The Jackson Hole announcements have set the stage for the next 5 years. Jerome Powell must now design monetary policy in a context of increased Fed tolerance for inflation running above the 2% goal. Congress appears to be nowhere near a phase-IV stimulus bill. A mini fiscal cliff could damage the unfolding economic recovery. The political backdrop is unhelpful to say the least. The possibility of another government shutdown starting in October may be non-zero probability event. In turn the Fed is likely to indicate that rates will be kept at zero until 2023. It would be interesting to hear the Fed on corporate credit purchases which only total $44.8b as at September 11th. The monetary institution just expanded the list of eligible counterparties in a bid to trade more extensively with final investors. Low bond inventories held by banks may have reduced the ability of the Fed to deploy capital. In additional, outflows from prime money market funds (invested in short-term credit securities) have accelerated since mid-August. It will be important to monitor BOR-OIS basis spreads to gauge short-term liquidity risk.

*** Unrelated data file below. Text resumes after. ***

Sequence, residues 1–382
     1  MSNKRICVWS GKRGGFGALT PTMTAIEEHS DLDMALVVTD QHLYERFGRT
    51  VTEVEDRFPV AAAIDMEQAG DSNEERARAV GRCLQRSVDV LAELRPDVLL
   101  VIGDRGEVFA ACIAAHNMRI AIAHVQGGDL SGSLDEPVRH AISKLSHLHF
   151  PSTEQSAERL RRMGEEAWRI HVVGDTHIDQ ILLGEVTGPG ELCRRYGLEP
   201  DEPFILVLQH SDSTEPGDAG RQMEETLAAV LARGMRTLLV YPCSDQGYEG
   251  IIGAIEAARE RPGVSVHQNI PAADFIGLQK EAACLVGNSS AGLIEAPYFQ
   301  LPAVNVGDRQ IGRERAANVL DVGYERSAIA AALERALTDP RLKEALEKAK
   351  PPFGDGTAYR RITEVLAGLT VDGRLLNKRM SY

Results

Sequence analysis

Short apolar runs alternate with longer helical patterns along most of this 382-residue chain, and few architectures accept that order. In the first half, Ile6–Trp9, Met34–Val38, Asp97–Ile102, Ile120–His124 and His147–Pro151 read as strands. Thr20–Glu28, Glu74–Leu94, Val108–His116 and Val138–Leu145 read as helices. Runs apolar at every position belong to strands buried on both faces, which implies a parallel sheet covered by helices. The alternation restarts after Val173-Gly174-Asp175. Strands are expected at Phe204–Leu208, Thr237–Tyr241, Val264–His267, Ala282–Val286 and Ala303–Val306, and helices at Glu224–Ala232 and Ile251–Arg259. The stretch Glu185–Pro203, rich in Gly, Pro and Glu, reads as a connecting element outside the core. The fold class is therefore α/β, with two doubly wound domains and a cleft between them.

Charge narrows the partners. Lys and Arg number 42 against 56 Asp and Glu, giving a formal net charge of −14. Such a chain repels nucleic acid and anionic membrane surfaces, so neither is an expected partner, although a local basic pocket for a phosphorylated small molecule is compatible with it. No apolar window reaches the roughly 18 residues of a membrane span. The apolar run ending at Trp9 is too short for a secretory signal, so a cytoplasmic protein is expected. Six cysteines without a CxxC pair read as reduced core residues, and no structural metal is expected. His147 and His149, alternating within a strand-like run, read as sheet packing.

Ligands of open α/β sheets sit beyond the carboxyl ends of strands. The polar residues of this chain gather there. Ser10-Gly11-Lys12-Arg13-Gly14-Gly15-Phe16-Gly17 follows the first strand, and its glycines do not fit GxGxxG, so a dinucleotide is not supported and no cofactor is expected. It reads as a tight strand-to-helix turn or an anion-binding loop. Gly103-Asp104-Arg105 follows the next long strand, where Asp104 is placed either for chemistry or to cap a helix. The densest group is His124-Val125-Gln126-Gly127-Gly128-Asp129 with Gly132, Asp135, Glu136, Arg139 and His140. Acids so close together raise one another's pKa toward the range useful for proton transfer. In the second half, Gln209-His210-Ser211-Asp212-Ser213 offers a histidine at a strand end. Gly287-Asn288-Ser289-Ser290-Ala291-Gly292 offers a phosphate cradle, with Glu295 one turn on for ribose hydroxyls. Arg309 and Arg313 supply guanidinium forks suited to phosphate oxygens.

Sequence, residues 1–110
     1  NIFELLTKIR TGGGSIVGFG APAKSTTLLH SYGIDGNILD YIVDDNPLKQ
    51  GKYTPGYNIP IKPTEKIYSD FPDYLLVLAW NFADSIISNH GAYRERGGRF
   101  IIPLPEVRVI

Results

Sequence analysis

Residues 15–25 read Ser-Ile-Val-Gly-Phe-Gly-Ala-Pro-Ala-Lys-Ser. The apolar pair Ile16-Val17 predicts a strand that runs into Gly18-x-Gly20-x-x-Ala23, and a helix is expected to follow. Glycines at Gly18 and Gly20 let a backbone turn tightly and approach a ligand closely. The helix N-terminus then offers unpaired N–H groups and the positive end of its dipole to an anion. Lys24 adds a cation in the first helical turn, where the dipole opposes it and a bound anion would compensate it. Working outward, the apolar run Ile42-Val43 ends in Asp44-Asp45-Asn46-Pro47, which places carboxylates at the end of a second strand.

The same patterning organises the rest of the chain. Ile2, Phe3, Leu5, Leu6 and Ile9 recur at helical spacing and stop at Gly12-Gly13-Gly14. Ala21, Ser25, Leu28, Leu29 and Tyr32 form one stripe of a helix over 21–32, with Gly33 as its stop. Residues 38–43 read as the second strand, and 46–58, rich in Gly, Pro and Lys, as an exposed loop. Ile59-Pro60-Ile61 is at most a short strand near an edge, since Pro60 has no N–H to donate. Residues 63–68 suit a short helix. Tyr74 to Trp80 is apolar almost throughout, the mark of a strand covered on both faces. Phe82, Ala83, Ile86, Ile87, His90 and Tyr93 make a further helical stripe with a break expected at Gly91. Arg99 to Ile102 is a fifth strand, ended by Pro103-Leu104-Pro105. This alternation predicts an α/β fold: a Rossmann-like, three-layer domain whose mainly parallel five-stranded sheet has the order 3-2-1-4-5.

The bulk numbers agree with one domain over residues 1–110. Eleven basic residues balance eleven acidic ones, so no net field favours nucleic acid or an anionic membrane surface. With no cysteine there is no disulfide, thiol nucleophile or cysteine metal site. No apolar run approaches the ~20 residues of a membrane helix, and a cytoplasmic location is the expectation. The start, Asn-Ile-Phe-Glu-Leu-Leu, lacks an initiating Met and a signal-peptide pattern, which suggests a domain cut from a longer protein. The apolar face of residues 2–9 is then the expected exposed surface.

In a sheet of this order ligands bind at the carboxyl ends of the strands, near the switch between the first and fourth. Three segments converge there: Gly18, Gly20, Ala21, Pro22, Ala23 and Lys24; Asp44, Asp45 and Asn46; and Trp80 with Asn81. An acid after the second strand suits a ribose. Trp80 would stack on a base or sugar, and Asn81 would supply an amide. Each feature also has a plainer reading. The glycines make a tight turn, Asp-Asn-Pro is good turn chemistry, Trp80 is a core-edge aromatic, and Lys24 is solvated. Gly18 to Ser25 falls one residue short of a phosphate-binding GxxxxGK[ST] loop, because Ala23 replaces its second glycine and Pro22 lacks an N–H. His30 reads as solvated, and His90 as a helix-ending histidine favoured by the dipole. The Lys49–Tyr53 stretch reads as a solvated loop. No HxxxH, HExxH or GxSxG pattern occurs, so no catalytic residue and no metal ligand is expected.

Modest flattening pressure persists

Nasdaq volatility continues to be supportive of Treasury bond markets all the more so that Fed policy anchors yields within 0.25% up to 4-year maturities. There is still some steepening pressure beyond 5 years though. The yield on 10-year notes has been trading in 0.5-0.75% range in the past 3 months. The lengthening of Treasury bond issuance and the beginning of a normalization in inflation (1.3%y in August) continue to fan short interest at the back-end of the curve. Ten-year inflation breakevens have nevertheless declined due to T-note buying. Meanwhile, the yield on 10-year Bunds fell towards -0.50%. Technical points on Bund yields indicate a broad neutrality range between -0.37% and   -0.55%. It seems that possible prolongation of the PEPP scheme, now dependent on the inflation outlook, may be announced by March 2021 at the latest. The policy outlook keeps a lid on peripheral sovereign spreads. In turn, swap spreads are trading sideways about 30bp. In the UK, the BoE council will meet on Thursday as tensions mount between the UK and the EU. On September 9th, 2020, the British government presented Parliament with a law violating the divorce agreement signed last year. Whilst bond yields rallied, Sterling lost more than 3% to $1.28. The BoE may nevertheless choose to extend QE in November.